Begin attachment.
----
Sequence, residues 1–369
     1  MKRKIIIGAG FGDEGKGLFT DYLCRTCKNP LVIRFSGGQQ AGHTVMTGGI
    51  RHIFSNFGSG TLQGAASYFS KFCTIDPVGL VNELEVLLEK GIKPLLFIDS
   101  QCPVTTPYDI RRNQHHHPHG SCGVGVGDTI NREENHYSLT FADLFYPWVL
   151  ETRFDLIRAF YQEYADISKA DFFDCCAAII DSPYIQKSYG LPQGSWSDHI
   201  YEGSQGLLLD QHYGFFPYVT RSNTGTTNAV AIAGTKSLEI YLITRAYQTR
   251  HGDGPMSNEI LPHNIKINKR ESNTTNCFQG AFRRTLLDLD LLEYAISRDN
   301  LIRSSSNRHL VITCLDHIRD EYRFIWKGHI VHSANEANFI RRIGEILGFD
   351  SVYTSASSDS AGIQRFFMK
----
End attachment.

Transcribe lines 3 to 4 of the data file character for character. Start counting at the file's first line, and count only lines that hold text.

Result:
    51  RHIFSNFGSG TLQGAASYFS KFCTIDPVGL VNELEVLLEK GIKPLLFIDS
   101  QCPVTTPYDI RRNQHHHPHG SCGVGVGDTI NREENHYSLT FADLFYPWVL